A National League for Democracy (NLD) supporter reacts as others gather before a large screen showing early election results outside the NLD party office in Mandalay on November 9 (CFP)
Myanmar's long-time opposition party, the National League for Democracy (NLD)--led by the legendary figure and Nobel Peace laureate Aung San Suu Kyi--secured an overwhelming victory against the military-backed ruling party in the country's November 8 election.
One explanation for the NLD's extraordinary support comes as the common aspiration of the Myanmar society for "change."
Yet reinventing Myanmar's social and economic traditions of governance and translating them into tangible benefits for its citizens is a daunting task, as the country lost decades of development opportunities due to its internal turbulence, insular policies, and resulting sanctions from Western countries.
U.S.-based Time magazine predicted Myanmar would be "Asia's next economic tiger" in a report published in 2012, citing its high number of low-cost workers and large amounts of timber and mineral reserves. The "tiger" development model is described by economists as being export-driven, following the route taken by other Asian economies.
Three years on, however, the economic situation in Myanmar has not changed much. The deteriorating infrastructure, corruption and unpredictable policy environment discouraged investors who were initially eager to tap into the emerging market.
The per-capita GDP of Myanmar is currently around $1,000, ranking near last among members of the Association of Southeast Asian Nations. In addition to political change, the country is in desperate need of economic development.
The complicated domestic environment and the high hopes pinned on the future ruling party will present serious challenges to the new government.
Myanmar's incumbent President Thein Sein, a former military commander, has promised to transfer power to the incoming leader in 2016. But the relationship between the NLD and the military must also be addressed, since the military enjoys a unique position in the country's political system, controlling several key positions of the Myanmar Government even post-election.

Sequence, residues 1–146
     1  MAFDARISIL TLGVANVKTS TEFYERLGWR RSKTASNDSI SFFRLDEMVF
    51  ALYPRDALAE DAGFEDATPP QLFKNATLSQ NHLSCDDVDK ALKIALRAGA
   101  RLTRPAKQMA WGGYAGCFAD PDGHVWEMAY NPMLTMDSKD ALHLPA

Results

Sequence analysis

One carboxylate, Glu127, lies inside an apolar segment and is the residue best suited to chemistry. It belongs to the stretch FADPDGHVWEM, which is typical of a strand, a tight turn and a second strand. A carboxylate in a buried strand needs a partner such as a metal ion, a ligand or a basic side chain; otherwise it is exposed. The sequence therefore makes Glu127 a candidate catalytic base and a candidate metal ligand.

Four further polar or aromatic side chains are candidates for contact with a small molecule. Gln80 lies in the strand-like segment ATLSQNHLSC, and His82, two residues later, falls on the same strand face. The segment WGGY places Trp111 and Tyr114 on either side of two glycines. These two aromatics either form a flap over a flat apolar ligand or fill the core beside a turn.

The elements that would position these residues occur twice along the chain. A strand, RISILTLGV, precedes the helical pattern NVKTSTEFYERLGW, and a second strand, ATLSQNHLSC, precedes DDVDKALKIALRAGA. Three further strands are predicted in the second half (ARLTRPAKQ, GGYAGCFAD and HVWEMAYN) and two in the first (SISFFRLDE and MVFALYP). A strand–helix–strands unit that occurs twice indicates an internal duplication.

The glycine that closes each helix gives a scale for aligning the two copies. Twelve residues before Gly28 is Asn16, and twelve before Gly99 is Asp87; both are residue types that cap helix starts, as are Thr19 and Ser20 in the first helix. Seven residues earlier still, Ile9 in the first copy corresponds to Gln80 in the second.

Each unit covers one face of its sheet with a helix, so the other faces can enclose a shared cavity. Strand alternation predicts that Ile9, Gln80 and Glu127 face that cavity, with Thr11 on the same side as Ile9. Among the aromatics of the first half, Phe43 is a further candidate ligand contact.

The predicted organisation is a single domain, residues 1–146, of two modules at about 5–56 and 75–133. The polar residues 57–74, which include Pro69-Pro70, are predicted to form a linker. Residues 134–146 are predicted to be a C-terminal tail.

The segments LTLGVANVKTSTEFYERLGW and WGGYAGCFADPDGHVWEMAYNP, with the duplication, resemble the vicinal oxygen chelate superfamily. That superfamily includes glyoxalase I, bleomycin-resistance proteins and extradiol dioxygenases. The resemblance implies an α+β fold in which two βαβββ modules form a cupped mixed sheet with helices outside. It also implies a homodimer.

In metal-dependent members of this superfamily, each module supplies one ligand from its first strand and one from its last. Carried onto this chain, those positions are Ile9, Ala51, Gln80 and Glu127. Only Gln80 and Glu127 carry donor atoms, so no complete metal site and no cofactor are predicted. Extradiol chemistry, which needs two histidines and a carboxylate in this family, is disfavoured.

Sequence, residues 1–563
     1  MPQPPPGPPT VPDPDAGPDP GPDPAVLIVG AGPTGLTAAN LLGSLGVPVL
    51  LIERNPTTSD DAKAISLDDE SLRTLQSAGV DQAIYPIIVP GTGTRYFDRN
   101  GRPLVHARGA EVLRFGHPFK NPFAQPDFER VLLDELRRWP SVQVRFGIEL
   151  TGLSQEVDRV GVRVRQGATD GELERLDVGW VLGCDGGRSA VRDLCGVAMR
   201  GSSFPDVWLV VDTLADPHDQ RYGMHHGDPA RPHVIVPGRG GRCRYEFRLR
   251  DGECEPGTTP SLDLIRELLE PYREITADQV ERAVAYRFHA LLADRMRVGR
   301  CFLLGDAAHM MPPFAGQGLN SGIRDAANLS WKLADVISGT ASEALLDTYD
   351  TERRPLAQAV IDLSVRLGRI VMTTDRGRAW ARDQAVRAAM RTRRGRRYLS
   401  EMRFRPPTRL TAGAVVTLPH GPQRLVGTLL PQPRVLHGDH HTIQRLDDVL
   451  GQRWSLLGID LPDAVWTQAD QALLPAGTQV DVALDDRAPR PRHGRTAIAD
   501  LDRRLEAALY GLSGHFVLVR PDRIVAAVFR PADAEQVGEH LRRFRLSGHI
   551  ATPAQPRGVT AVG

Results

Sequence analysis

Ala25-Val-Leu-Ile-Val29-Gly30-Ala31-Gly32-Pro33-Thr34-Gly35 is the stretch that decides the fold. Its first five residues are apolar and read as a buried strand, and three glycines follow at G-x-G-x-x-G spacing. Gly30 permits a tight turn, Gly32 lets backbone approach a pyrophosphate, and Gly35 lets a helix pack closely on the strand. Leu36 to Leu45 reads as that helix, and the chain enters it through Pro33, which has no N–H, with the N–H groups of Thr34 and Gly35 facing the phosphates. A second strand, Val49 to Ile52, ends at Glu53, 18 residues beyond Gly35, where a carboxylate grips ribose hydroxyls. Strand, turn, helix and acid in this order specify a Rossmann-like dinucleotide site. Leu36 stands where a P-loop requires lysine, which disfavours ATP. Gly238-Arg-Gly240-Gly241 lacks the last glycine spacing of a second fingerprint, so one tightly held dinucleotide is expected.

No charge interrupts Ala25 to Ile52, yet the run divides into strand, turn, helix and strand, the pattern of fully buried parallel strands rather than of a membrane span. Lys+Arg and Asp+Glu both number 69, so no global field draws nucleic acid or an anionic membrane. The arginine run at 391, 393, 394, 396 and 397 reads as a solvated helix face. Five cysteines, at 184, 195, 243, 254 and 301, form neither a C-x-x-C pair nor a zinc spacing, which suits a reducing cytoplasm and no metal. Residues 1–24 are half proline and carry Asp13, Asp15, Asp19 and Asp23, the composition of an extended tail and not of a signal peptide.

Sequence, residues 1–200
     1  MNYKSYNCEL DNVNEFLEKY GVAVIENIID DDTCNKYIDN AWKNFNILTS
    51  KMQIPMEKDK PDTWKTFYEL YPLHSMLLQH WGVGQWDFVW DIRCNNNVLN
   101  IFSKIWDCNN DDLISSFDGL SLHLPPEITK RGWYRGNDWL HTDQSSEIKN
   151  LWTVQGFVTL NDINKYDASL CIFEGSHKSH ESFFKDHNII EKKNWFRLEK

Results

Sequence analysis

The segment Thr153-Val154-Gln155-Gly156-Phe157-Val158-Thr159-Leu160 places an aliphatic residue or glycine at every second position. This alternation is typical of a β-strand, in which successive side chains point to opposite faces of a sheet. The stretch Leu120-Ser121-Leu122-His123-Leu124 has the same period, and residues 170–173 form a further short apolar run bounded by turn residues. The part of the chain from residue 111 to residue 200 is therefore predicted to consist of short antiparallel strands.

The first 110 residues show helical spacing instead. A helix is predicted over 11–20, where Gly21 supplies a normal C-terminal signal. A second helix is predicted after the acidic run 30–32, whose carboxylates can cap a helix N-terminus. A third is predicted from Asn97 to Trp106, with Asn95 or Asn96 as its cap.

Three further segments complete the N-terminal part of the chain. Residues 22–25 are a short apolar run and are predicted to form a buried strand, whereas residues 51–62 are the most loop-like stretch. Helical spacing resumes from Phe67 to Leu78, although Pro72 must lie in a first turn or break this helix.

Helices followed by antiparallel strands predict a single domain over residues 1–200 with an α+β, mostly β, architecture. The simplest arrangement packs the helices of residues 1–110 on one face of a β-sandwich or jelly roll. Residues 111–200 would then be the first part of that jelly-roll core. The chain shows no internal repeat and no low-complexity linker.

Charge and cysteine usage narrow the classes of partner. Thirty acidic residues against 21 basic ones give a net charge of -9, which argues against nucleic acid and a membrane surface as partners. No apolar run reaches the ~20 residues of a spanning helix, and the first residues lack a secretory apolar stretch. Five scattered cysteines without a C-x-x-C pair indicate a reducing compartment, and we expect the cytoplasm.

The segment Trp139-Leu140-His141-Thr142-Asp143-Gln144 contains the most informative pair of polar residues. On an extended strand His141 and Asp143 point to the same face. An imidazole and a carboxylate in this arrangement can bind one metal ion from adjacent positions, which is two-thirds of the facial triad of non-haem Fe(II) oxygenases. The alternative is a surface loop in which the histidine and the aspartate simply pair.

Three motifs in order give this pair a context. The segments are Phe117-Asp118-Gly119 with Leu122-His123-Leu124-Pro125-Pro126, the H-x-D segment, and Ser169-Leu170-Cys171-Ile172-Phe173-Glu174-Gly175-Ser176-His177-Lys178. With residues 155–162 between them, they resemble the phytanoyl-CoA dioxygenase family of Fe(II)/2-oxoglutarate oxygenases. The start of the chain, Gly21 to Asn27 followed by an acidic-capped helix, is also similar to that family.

Under Myanmar law, the military appoints 25 percent of the representatives in both of the country's two legislative bodies, the House of Nationalities (upper house) and the House of Parliament (lower house). The public elects just 168 of the 224 representatives in the upper house. In the lower house, 110 of the 440 positions are given to military representatives.
In short, although Suu Kyi's record of challenging military rule has earned her party record support, current law requires the party to work with the military to govern the country.
As the incoming ruling party, NLD needs to prepare for its role reversal, moving from opposition into leadership. That requires determining who will be elected by the party delegates to serve as the country's president, since a recent change in constitutional law put in place by the military prevents anyone with foreign family members from becoming the nation's leader.
Suu Kyi's late husband was British and her sons hold British passports. But Suu Kyi is pushing forward regardless, promising to be "above the president" if she can't serve as president herself.
Another looming problem that Suu Kyi's NLD must address is national reconciliation for this religiously diverse and multi-ethnic society with several indigenous cultures.
The nation's military has been in conflict with minority militants for over half a century. It has not only inflicted heavy losses on the country's economic development, but has also resulted in a large number of both civilian deaths and refugees.
After a nearly two-year peace process, eight of the 15 ethnic groups in the country that have been fighting the governmental army only signed a ceasefire agreement in October.
The NLD has already vowed to pursue national reconciliation with the roughly 30 percent of the country that is not ethnically Burmese.
The question remains if the NLD will be able to bring the internal conflict to an end by meeting the demands of both the ethnic groups and the military. Doing so will require the great wisdom and leadership of Suu Kyi and the support of the people across different sectors and sects.
Copyedited by Mara Lee Durrell
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